4 Big Asks You Should be Making Every Week

I’m convinced that more people would get involved in our churches if we just asked them. I went to one church for three years and not once did they ever ask me to serve. I got saved at that church, but they had no place for me to serve. How crazy is that? I just bet there are some people in your church that may be thinking the same thing.

The majority of people who don’t get connected to your church will quit coming within a few months. I was a rare exception.

People are coming to church looking for friends and purpose, and when they don’t find those, they go looking elsewhere.

So, don’t hesitate to ask. Sure, you may get a few no’s, but at least they’ll know you wanted them to be a part.

Ask them to do one of these four things each week:

  1. Serve on a team. People like to be a part of a team that’s winning. Or, even a part of a team that’s just being built. It’s exciting. Plus, you know you need the volunteers, so just ask. If you’re not sure where to start, check out this article for some ideas.
  1. Get in a group. Not everyone is going to want to join a group, but there’s a percentage that does. Groups are the best place to make friends and build lasting relationships. It doesn’t always have to be a Bible study either. Some of the best groups I’ve ever been a part of were mainly focused on just hanging out with each other.
  1. Give a little or a lot. For many of you, asking people to give is a huge struggle, but it shouldn’t be. If your church is doing it’s part to help spread the love of Jesus, then you shouldn’t hesitate to ask people to give towards that. People give to all kinds of charity organizations, and the church is more important than any of them.
  1. Invite someone. I’m a pastor, and I still need to be reminded to invite others to church. It just doesn’t come naturally to me, and I’m sure I’m not alone. It’s a struggle for most people. Most of them don’t mind doing it. They just need to be reminded every once in awhile.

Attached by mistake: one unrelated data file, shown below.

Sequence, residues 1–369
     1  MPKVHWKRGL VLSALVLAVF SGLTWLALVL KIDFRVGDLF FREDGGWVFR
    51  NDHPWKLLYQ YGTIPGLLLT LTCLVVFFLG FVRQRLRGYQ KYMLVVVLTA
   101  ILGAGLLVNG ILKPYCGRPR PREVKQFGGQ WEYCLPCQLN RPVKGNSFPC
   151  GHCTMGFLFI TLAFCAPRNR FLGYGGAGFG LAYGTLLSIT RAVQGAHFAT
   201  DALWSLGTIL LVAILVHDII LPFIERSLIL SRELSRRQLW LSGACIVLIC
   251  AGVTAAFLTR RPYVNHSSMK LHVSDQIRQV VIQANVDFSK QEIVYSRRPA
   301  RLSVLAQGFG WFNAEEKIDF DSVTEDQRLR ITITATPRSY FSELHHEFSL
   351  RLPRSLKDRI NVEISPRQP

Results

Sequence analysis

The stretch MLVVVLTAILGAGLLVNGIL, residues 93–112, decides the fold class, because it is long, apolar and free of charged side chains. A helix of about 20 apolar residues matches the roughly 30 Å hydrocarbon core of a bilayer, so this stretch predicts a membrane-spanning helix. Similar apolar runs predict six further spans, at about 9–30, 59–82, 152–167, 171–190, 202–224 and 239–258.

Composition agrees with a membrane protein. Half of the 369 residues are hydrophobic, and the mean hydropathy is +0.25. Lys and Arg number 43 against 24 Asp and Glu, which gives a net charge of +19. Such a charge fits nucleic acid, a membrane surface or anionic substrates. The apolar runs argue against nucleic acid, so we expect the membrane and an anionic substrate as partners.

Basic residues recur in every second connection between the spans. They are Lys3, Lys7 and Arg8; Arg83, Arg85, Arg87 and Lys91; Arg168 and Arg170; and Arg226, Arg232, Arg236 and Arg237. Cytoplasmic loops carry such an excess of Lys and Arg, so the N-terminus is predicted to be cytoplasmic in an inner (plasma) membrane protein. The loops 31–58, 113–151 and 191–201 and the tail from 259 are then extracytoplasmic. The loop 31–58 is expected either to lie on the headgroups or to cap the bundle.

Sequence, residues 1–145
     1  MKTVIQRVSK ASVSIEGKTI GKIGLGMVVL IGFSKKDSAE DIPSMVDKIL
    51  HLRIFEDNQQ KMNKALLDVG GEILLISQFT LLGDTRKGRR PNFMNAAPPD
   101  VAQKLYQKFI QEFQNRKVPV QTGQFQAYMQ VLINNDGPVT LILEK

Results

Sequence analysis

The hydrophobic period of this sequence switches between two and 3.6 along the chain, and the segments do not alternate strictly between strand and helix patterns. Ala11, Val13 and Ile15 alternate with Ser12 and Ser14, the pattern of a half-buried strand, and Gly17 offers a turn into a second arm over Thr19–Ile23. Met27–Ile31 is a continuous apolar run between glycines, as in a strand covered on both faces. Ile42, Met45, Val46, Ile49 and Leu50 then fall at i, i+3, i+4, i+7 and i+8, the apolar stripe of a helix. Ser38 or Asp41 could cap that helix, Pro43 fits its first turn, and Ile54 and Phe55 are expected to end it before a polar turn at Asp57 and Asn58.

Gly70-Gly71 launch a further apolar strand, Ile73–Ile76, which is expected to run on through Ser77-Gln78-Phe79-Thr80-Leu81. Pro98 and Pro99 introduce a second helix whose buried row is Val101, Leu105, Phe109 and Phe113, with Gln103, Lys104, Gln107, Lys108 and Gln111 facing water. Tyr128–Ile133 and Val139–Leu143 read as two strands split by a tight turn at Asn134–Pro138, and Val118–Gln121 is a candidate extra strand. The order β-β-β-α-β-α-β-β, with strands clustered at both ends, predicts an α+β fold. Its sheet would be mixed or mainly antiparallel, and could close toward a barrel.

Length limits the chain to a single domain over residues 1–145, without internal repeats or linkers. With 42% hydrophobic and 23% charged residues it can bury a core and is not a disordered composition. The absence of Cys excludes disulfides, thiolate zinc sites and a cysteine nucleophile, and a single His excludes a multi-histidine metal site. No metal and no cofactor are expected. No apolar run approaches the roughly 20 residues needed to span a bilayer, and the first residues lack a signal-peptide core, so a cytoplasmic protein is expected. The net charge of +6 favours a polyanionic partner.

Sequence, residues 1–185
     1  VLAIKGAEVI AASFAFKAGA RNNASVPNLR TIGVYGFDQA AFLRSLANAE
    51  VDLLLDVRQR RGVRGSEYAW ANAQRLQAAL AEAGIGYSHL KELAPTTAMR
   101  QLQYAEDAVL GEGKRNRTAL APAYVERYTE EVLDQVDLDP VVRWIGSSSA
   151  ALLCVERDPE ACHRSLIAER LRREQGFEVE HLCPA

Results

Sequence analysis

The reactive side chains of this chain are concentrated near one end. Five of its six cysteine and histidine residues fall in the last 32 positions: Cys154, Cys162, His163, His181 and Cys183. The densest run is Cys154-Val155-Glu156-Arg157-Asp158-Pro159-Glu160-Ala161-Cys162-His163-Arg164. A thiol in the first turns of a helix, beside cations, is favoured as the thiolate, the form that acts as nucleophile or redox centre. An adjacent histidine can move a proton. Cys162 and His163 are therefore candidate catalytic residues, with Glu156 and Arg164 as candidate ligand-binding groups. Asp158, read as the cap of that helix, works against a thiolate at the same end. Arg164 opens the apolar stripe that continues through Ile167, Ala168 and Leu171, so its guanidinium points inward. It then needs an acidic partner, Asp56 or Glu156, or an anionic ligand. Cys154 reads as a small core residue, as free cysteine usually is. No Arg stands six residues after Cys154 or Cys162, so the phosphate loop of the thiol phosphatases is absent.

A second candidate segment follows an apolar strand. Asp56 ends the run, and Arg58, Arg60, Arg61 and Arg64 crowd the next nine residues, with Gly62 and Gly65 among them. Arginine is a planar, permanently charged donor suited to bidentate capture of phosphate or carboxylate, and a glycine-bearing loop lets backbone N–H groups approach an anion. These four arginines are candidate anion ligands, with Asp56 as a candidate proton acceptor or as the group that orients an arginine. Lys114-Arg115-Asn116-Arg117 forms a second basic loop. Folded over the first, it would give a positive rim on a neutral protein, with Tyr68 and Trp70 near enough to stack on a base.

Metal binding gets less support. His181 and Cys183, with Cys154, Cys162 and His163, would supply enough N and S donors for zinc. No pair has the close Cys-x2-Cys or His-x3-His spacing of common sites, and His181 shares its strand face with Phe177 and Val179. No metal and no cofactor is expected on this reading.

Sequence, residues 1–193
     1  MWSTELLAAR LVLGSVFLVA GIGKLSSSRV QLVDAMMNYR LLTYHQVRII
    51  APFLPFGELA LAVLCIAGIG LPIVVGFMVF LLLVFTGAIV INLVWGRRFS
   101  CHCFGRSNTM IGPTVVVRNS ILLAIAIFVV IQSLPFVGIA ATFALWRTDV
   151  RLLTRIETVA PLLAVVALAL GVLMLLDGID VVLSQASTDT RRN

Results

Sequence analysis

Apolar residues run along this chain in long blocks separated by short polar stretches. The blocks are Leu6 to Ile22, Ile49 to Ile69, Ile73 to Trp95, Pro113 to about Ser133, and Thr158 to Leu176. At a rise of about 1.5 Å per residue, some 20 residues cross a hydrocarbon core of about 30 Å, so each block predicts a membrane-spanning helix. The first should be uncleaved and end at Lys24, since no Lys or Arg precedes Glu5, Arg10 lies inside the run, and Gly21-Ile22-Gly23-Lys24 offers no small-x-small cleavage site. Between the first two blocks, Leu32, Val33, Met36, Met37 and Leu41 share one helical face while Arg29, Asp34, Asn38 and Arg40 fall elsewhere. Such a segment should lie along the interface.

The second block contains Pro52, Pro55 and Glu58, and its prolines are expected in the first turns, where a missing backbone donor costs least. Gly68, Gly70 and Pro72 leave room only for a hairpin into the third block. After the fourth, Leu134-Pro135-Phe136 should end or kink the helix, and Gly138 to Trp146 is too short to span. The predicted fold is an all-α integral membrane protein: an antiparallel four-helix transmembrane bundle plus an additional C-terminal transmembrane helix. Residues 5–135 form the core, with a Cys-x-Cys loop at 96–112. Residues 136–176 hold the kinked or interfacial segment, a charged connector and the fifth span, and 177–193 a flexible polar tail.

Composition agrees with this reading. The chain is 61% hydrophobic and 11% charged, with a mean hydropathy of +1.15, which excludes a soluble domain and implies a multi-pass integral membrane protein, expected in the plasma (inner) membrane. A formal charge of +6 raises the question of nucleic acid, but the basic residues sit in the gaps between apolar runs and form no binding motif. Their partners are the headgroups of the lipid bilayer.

Just like you need to be reminded to be asking people to get connected.

What are some of the best ways you’ve found to get new people connected? Let us know by leaving a comment below, and don’t forget to subscribe to the blog to get tips on church growth, leadership, and more delivered to your inbox each week.

The Five Characteristics of a Great Volunteer

Being able to find a handful of great volunteers is often the difference between a small town church that grows and one that declines. Great volunteers are just as valuable as great staff members. In fact, they may be even more valuable because they’re willing to do the work for free. Before you start thinking about planting a church or transforming a church, it would be wise to find a group of great volunteers to help.

You know as well as I do that it is becoming increasingly more difficult to find people who are wiling to give up their time to serve the church. So, I’m not going to pretend that finding great volunteers is going to be easy. It’s not.

The fact is many of you are going to read this list and decide that you have no one in your church who qualifies as a great volunteer. Unfortunately, that may be true, which means you have to work with what you’ve got.

Hopefully, over time you’ll be able to develop someone with these characteristics, or God will bless the church by sending some to you. The church I serve has gained great volunteers in both of those ways.

In fact, I wouldn’t have labeled myself as a great volunteer in the beginning. Thankfully, I had a pastor who saw potential in me and was willing to develop the characteristics I needed to be a great volunteer and eventually a great staff member.

So, what exactly are the characteristics of a great volunteer? These are the five characteristics I would look for.

  1. They own the vision.

I’m looking for someone who is personally engaged in the mission and vision of the church. I want them pulling for me, and not against me. Are they supporting the ministry with their time and money? Are they inviting people to church? Are they positive about the direction the church is going? Normally, if someone has this characteristic, the rest come a lot easier.

  1. They work to make it better.

I want people to be frustrated when things aren’t done well, as long as they’re willing to help to fix it. When they see a piece of trash in the floor, I want to see if they pick it up or not. I pay attention to those who show up to church early and those who leave late. I want volunteers who are constantly thinking, “How can we improve this?”